I know - a public school needed to be told not to leave garbage out when an infestation was in full display? Afraid so.

And the DOE's excuse for refusing aid? There was no problem, and if there was, it was someone else's fault. Or maybe, the bureaucrats were just too busy shuffling papers to have their feathers ruffled.

Up To Date

Roosevelt Islander blog publisher Rick O'Conor unhesitatingly published Farance's photographs and opinions. But O'Conor played community hero too by taking it a step farther, using contacts developed over eight years of publishing about local matters to get coverage beyond Roosevelt Island.

Online newspaper dna info published a story on Monday, in its Upper East Side/Roosevelt Island edition, and by midmorning, WCBS Channel 2 had a reporter and a cameraman on the scene, interviewing Farance, parents and children outside PS/IS 217.

The rats happily obliged, cavorting openly for the camera.

Managers from the Roosevelt Island Day Nursery came out to talk to the news crew about their worries. Pre-schoolers in their charge were being exposed to real dangers, just fifteen feet away across a emergency vehicle access lane from the school.

On camera, they talked about seeing dozens of rats at time, feasting and frolicking in broad daylight.

Then, in a bit of serendipity, Island Historian Judy Berdy happened by.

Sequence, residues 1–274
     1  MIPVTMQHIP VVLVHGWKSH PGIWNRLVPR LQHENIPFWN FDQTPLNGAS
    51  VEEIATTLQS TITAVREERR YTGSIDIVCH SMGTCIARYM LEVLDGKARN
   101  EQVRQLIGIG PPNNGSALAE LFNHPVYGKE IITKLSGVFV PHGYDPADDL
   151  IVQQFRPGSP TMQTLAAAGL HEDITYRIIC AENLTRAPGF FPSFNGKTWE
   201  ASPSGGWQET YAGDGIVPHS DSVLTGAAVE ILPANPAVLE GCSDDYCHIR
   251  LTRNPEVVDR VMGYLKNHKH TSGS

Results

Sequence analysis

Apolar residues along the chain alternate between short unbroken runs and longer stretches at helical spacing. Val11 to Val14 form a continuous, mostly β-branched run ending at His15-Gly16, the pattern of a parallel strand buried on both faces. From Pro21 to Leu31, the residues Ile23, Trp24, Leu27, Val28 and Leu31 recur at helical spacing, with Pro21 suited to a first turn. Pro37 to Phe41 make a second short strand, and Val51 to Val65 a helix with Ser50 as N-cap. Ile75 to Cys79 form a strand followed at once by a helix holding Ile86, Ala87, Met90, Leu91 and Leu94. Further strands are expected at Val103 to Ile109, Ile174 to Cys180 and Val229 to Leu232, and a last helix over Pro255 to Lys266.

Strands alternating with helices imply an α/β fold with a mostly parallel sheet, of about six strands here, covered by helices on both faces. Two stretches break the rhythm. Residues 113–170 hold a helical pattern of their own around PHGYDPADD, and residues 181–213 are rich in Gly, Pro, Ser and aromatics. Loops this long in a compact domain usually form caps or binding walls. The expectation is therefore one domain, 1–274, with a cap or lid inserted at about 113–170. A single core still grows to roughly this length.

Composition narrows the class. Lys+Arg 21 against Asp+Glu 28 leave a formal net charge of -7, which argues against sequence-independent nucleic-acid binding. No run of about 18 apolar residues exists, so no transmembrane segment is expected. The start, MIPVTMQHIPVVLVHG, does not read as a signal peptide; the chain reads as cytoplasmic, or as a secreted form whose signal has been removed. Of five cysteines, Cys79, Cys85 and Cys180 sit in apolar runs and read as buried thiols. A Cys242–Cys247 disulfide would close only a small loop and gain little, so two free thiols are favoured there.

Berdy looked straight into the lens.

"I've lived here for forty years," she said. "We've never had anything like this. Even when they took down Goldwater Hospital, there were no rats."

After Channel 2 reported as a lead in their 6:00 o'clock newscast, the DOE disclaimed any responsibility. The rats came from elsewhere and were everywhere on the Island, nothing exceptional at the school.

Next day, Channel 2 returned. Farance took them to visit the AVAC facility the majority of Roosevelt Island buildings use to safely dispose of food waste. And then, they took a walk around the Island.

They were unable to find any other rats.

And the school? Reports filtered out that PS/IS 217 personnel instructed children and parents not to talk with anyone from the media, especially about the rats.

Farance has called for Beckman's resignation as well as that of the PTA's leadership. So far, neither has accepted his invitation.